If you cannot get any medications-maybe try cannabis is some form to try and make things a little more bearable

Good luck
posted by plumberonkarst at 10:50 PM on October 21, 2011 [1 favorite]

BTW DO NOT CUT your patches-some get away with it but depending on patch type-the gel can dose full in short order when cut.Many accounts of overdoses are attributed to this.
posted by plumberonkarst at 10:51 PM on October 21, 2011

Best answer: Also, I wouldn't give up on your doctor's office. Show up in person and ask to speak to a doctor or at least a nurse or supervisor. There's a big difference in talking over the phone and seeing them in person - it's easier for them to verify that you're for real and you know you're getting the correct first hand information. They have all your records, a way to contact your doctor to verify any may even recognize your face - unlike any other place you may go. It's really not right for your doctor to leave you stranded like this and they should make it right, not just leave you to suffer.
posted by bleep at 12:15 AM on October 22, 2011 [3 favorites]

Best answer: It sounds like you may have some hydromorphone left if you have not been taking them very often; they can help tide you over until this is straightened out. You may want to leave your current patch on until you start having symptoms of pain or withdrawal and then switch it out; you might be able to get an extra day or two out of each patch that way; it's not as if the drug suddenly stops all at once. Also, you are on the lowest dose of transdermal fentanyl available (for short periods in the OR we give several times your dose in mcg/kg/hr) so that should work in your favor towards minimizing symptoms should you be unable to get a timely refill.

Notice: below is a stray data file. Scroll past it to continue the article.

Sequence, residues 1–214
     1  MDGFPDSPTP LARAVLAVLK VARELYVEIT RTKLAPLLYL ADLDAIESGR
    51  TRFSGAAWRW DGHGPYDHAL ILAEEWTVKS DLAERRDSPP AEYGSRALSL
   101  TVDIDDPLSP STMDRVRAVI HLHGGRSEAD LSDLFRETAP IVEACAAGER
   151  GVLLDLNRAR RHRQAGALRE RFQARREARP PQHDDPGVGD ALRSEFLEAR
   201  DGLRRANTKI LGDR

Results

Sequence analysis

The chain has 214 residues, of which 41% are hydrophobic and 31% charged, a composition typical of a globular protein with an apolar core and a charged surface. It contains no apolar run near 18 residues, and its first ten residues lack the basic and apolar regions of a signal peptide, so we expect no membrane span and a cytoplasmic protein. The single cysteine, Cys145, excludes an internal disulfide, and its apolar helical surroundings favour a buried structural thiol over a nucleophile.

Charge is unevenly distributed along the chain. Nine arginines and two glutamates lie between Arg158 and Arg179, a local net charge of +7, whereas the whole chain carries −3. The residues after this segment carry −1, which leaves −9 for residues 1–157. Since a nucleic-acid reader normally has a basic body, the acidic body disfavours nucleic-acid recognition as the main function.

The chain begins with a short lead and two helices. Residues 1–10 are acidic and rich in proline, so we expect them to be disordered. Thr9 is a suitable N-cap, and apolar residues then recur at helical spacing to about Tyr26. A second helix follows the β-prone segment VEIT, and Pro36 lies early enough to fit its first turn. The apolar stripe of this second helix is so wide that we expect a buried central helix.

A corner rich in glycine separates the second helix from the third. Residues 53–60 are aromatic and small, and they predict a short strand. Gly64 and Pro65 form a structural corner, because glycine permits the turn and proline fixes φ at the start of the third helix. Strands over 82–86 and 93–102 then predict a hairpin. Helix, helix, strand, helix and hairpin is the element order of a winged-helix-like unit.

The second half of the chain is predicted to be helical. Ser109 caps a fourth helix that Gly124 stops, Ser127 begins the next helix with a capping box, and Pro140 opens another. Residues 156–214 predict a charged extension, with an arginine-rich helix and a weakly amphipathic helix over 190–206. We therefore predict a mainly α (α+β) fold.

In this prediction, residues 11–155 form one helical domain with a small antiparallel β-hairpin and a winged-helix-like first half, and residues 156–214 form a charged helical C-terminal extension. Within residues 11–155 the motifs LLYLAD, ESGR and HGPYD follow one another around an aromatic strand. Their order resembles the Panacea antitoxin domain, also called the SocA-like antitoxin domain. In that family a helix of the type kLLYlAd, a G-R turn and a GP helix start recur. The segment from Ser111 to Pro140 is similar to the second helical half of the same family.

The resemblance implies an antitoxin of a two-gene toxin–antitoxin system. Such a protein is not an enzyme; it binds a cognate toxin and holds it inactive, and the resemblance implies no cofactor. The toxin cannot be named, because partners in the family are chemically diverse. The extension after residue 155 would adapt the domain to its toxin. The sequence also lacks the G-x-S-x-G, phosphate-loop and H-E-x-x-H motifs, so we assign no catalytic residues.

posted by TedW at 7:11 AM on October 22, 2011

You can cut hydromorphone pills in half. The new (at least in the US and probably Canada) changed the formula to have the time release difficult to bypass and if its an IR it should be fine.

Cannabis can definitely help with some of the symptoms (nausea and killer headaches).
posted by handbanana at 8:55 AM on October 22, 2011

Urgent care type places are unlikely to write you fentanyl. Agree with TedW that you can probably stretch these meds a bit; it is not like some drugs where missing doses is dangerous. The dose you're on won't be like cold turkeying heroin or some such, but your pain will come back. Agree that harassing your MDs office is reasonable; your record there should clearly document the situation. Recommend not trying to mix in self-med with alcohol or cannabis.
posted by a robot made out of meat at 5:52 PM on October 22, 2011

Response by poster: Thanks everyone! I went to Urgent Care yesterday, and explained my situation to Dr. "K". He was very sympathetic but (understandably) couldn't help me. He did pretty much say it was lame for another provider to refuse my request. Although UC has access to my records, the fact that it's not in the same office (family practice) limits him in what he can do. He suggested I go down to my Dr's office on Monday and say 'c'mon, guys, help me out here.' In the mean time, he suggested I wear my current patch for an extra day or two before switching to my last patch.

Yes, I should have not waited to make that next appointment, but this is ridiculous! Hopefully I can make it through the next few days at work. Thanks again for all your advice.
posted by wafaa at 8:13 AM on October 23, 2011